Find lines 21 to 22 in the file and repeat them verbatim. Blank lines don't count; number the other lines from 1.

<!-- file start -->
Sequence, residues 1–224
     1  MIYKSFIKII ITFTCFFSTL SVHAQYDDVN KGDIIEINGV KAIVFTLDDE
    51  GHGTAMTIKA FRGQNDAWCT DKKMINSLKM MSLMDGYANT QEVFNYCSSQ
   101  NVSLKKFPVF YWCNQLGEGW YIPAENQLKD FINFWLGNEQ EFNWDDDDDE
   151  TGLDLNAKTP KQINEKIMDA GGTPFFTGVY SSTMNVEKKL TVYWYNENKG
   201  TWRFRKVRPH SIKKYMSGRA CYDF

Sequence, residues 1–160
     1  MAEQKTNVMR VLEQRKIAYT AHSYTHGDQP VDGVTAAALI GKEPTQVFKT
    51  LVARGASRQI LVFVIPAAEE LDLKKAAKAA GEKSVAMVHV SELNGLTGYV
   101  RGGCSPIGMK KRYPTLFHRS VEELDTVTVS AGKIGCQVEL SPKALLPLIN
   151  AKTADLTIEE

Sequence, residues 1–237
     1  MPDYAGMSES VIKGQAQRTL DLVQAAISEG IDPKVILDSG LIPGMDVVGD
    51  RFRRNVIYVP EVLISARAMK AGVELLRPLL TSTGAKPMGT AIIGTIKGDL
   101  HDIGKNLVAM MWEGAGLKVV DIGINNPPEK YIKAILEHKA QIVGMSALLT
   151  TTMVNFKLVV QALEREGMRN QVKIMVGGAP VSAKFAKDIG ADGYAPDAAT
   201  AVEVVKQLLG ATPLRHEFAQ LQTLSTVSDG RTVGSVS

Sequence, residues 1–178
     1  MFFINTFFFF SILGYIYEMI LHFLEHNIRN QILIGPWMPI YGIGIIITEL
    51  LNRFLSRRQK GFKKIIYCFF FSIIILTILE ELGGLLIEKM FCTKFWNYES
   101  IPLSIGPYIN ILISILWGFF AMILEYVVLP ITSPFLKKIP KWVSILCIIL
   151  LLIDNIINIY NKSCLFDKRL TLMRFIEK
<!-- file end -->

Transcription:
   101  IPLSIGPYIN ILISILWGFF AMILEYVVLP ITSPFLKKIP KWVSILCIIL
   151  LLIDNIINIY NKSCLFDKRL TLMRFIEK